Operations Manager Resume Guide + Tips + Example

Nilda Melissa Diaz
By Nilda Melissa Diaz, Career Advice ContributorRated 4.5/5 Stars
Last Updated: September 24, 2023
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  • 42% higher response rate from recruiters

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Propel your career as an operations manager with an impressive, striking resume. Our guide will help you write a resume with tips, what to include, and how to save time with our Resume Builder. You’ll be done in no time.

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Operations manager resume (text version)

Sasha Swift

Milwaukee, WI 53201
555 555 555
(555) 555-5555


  • Risk analysis and management
  • Budgeting and forecasting
  • Project development and life cycle
  • Workflow planning
  • Management information systems
  • Cost reduction strategies
  • Contract review and recommendations
  • Conflict resolution


Milwaukee Career College Milwaukee, WI
BBA Business

Professional Summary

Forward-thinking business operations manager focused on supporting cross-functional teams to increase productivity and customer satisfaction. Retain strong leadership and interpersonal skills and advance strategic plans and sales objectives set forth by management. Develop policies to keep the organization’s budget low including operations, maintenance and labor costs.

Work History

December 2016 – Current
FRG Technologies – Milwaukee, WI
Operations Manager

  • Direct day-to-day operations focused on the attainment of key business metrics, continuous improvement initiatives and an eight-member team with related direct reports.
  • Amplify organizational quality standards by delivering 18% increased quality during a three-year timeframe.
  • Maximize productivity and management systems by establishing specific goals and managing operations.
  • Plan, organize and direct distribution operations to ensure optimal return on investment for the company.

June 2014 – December 2016
Addison Group – Milwaukee, WI
Assistant Operations Manager

  • Accelerated efficiency of operations by assisting with controlling budgets, overseeing customer accounts, managing scheduling and driving meetings.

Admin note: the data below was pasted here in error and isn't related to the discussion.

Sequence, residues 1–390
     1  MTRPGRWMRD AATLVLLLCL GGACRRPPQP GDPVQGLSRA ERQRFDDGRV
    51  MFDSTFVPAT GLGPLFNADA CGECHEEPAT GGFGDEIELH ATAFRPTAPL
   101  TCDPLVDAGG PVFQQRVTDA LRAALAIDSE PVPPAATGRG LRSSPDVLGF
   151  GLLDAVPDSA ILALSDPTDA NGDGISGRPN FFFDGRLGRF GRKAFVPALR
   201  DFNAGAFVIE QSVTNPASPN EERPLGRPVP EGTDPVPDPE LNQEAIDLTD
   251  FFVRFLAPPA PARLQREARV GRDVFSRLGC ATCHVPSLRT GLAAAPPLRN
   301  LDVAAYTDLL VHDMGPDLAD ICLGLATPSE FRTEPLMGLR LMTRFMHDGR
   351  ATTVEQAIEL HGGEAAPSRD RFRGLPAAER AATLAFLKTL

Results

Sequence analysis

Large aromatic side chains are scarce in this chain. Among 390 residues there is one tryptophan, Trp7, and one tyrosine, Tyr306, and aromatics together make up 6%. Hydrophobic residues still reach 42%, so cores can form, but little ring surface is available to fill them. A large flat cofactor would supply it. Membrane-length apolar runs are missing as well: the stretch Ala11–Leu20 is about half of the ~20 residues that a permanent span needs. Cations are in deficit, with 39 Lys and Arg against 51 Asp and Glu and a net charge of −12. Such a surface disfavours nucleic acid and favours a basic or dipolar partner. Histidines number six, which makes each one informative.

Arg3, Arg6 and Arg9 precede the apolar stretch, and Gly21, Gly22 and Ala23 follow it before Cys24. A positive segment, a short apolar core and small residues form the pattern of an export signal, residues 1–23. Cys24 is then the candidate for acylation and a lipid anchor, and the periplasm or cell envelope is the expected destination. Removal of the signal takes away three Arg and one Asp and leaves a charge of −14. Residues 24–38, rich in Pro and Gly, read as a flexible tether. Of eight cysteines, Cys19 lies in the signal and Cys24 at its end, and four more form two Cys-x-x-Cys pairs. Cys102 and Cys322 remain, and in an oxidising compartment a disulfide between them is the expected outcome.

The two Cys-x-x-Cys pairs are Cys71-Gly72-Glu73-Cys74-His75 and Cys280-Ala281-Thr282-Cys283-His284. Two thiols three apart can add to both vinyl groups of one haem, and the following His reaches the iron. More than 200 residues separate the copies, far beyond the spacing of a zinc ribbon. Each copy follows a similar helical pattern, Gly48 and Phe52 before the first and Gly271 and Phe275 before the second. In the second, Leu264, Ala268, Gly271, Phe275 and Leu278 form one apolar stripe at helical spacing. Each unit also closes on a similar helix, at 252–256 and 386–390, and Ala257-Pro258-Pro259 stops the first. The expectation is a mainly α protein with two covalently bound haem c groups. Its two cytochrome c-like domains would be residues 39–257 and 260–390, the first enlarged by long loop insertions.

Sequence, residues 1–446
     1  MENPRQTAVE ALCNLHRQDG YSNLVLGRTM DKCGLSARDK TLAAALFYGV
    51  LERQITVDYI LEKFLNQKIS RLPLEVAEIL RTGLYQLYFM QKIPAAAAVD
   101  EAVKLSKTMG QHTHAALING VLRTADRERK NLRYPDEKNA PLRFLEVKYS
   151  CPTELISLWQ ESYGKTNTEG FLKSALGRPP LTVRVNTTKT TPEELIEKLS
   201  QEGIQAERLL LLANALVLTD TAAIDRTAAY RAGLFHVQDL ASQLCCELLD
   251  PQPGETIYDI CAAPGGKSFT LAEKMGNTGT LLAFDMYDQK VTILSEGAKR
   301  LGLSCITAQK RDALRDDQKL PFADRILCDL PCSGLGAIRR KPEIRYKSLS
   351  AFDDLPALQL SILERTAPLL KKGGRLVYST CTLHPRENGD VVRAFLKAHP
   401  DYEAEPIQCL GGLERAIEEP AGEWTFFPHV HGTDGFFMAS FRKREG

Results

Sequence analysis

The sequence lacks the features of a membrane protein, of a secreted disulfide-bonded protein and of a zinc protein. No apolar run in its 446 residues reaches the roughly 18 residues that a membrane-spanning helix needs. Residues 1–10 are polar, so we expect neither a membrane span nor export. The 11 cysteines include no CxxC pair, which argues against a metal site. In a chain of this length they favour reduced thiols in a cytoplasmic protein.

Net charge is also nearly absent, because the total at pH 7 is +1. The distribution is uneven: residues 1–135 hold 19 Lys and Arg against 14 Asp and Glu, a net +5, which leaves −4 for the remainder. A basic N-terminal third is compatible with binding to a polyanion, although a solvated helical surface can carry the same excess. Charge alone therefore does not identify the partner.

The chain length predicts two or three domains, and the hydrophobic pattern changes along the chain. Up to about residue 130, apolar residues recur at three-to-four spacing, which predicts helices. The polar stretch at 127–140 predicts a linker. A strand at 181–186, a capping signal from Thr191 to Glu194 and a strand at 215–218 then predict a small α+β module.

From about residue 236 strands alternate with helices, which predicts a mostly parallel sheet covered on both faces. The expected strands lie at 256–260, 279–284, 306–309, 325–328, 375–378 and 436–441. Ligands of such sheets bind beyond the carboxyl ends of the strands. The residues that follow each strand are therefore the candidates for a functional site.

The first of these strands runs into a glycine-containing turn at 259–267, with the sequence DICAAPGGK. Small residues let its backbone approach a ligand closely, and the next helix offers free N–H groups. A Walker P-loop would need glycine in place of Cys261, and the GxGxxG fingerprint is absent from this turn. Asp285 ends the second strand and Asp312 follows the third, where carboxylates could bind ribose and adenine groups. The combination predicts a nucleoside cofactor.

• Maintained up-to-date on business operations as well as positive and negative impacts, improving productivity by 45%.
  • Optimized organizational operations and facilitated decision-making by examining problem-solving concepts, including quantitative methods and techniques.

September 2011 – May 2014
GitHub – Milwaukee, WI
Operations Associate

  • Managed daily office operations, including 25 client accounts, supply inventory and record management.
  • Maintained daily reports and advised executive leaders in decision-making processes.
  • Developed recordkeeping systems for 100 employees’ records and company documents to optimize operations and reduce project lags.

5 essentials of an operations manager resume

  1. Contact details

    An  important section that makes you reachable. Include your full name, city, state and ZIP code. Below, add your phone number and email address. If you have a LinkedIn profile, professional website or profile on an industry-specific networking website, add it in this section.

  2. Personal statement

    A personal statement, also called the professional summary, is your introduction to the hiring manager. In five sentences, they should know: your strongest skills, years of experience, and  best professional accomplishment. If you’re unsure what to include, use the job description as a guide.

  3. Skills

    Skills tell the recruiter and hiring manager what you know and how you work. The skills section should reflect your knowledge and strengths. 

    Remember to include skills from the job description. 

    If you have no experience, include transferable skills from other internships, research work and volunteering.